A public dumping ground for words and pictures. Contact me at ThomasTamblyn@Gmail.com

Sunday 21 February 2010

A test-drive of the snowflake method.

The snowflake method is a way to write a novel. You start out with a sentence, expand it into a paragraph summary. Break that up into acts. Flesh them out with characters. And so on. Fractal novel-writing. I thought I'd try.

One sentence of plot:

A privelleged asshole betters himself after being confronted by the real world.

One paragraph of plot:

A young lord whose estates are unreachable due to dragons. He is tricked into gambling away his estates by a powerful noble who demands immediate repayment. Our lordling reaches his lands in poor shape and is rescued by the remnants of his subjects. He remains amongst them incognito, seeing how they have survived cut-off from the rest of the country. He gives them information that allows them to rejoin the homelands. In his absence, the noble lord he is indebted to has launched a coup upon the throne. The young lord turns the tide at the head of subjects and abandons his title.

That paragraph was difficult to write. I left out a lot of bits that seemed important to me - twists and other characters. It could be pared down even further if I came at it with fresh eyes, I think. I haven't even mentioned setting yet. This is probably a good thing.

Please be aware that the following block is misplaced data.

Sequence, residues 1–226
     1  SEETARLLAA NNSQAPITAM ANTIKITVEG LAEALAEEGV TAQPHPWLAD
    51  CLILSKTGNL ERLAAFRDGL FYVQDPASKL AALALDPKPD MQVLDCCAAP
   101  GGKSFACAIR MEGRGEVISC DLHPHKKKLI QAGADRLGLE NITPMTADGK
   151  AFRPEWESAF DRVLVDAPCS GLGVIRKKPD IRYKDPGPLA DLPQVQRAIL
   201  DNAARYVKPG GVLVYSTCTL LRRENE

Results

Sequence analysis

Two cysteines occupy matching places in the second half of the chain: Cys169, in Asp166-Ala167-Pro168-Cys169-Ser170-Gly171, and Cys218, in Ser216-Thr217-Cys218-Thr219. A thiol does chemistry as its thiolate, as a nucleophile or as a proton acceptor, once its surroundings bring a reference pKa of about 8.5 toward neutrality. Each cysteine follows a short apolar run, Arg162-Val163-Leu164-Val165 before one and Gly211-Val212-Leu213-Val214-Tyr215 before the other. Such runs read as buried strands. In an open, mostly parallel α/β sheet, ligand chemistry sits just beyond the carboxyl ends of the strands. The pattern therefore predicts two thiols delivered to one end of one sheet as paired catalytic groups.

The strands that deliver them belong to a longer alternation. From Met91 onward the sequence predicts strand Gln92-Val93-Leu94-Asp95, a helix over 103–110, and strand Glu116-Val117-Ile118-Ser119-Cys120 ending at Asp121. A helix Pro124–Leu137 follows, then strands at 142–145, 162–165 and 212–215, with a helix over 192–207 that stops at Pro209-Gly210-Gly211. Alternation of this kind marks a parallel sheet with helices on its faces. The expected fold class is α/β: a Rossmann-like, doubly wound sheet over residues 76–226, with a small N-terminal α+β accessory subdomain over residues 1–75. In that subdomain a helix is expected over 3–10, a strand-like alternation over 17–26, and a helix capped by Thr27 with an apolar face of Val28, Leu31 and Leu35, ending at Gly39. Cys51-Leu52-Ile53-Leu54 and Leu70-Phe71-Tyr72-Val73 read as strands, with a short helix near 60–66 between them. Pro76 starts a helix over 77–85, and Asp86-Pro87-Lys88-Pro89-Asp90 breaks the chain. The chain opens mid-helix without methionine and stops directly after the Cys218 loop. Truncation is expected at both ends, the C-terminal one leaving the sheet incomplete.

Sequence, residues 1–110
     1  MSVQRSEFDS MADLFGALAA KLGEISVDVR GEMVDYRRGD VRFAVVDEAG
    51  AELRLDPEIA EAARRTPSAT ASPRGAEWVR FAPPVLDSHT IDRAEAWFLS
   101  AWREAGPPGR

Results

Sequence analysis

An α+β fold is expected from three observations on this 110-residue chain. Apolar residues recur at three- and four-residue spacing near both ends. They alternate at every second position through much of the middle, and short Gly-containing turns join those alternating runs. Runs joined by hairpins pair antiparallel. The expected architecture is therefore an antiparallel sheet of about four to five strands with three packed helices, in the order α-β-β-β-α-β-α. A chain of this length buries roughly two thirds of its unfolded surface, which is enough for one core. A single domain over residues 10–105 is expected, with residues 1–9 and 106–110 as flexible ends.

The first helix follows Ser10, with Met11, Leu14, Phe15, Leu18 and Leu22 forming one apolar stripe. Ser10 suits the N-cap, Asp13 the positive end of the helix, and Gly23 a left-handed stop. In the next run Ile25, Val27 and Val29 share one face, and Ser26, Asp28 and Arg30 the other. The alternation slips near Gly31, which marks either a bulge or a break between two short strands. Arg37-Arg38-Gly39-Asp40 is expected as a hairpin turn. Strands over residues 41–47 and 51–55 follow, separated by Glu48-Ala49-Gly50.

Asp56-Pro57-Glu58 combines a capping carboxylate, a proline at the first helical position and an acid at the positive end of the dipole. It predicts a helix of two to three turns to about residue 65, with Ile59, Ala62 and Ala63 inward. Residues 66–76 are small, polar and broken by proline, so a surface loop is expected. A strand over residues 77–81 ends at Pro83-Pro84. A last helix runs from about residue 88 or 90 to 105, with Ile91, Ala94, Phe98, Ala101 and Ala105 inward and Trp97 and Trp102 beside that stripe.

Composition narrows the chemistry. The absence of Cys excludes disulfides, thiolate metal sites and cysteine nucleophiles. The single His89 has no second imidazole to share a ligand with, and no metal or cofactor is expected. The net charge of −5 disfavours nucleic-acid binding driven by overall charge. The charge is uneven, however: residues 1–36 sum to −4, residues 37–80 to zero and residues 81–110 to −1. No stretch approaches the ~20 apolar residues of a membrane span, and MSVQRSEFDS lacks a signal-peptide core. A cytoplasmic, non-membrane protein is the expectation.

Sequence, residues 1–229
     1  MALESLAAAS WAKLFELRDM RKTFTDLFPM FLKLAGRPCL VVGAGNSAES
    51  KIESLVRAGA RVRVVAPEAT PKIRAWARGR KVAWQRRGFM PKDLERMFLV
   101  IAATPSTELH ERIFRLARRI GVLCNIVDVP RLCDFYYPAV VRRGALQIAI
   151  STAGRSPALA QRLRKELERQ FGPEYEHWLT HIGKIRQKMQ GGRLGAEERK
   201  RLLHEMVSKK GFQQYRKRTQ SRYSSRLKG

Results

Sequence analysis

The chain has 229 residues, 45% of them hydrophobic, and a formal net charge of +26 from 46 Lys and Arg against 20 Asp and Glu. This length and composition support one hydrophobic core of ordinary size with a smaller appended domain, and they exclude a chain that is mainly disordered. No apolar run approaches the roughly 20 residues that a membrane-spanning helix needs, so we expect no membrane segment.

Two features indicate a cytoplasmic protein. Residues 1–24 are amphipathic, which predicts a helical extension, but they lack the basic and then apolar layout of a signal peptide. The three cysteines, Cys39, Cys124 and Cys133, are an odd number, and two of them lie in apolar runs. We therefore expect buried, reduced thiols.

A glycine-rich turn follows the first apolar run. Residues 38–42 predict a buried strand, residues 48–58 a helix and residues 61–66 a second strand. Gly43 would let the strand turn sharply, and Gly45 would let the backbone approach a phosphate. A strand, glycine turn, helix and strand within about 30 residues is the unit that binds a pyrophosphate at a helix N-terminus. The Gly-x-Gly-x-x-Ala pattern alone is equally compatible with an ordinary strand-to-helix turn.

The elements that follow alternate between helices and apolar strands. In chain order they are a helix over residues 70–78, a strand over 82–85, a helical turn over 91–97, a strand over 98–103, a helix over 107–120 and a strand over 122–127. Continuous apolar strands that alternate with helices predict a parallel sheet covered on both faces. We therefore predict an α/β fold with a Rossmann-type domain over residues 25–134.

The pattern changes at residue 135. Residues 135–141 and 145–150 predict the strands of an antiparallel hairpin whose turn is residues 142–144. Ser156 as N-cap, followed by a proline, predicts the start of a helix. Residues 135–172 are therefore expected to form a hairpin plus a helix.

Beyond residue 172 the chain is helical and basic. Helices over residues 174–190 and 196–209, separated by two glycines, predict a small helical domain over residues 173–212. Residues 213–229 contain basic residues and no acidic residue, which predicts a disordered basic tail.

Three acts:

We meet the disenfranchised lordling, learn of his situation and some of his history. He offends a powerful nobe lord, who tricks lordling into gambling away his estates. The noble lord demands immediate payment, forcing the lordling to return to his lands despite the dragon infestation that had rendered them unreachable.

The lordling barely survives travel through the wilderness and is found by the surviving inhabitants of his lands. He swiftly discovers that they curse his name for abandonning them and decides to remain incognito. We see how they have survived the years of isolation. The lordling steps up in the face of impending disaster.

He uses his outsider knowledge to help his subjects back to the main country. There he finds that the noble lord from act 1 has staged a coup and is leading armies against the throne. The veteran troops with our lordling at their head can turn the tide, however a high-ranked officer in this coup is one of lordling's childhood friends and must be confronted first.

The lordling abandons his title, leaving his people to govern themselves.

Hmm. There doesn't seem to be a great deal more information there than was in the single paragraph. This is interesting. I have still not mentioned plenty of stuff I thought to be important. And I wonder how far I can go with not describing the setting. Probably until I start having to define characters.

Coincidentally, step 3 is "characters". That looks like it might be time-consuming. Also the bit I'm not very good at.

Wednesday 10 February 2010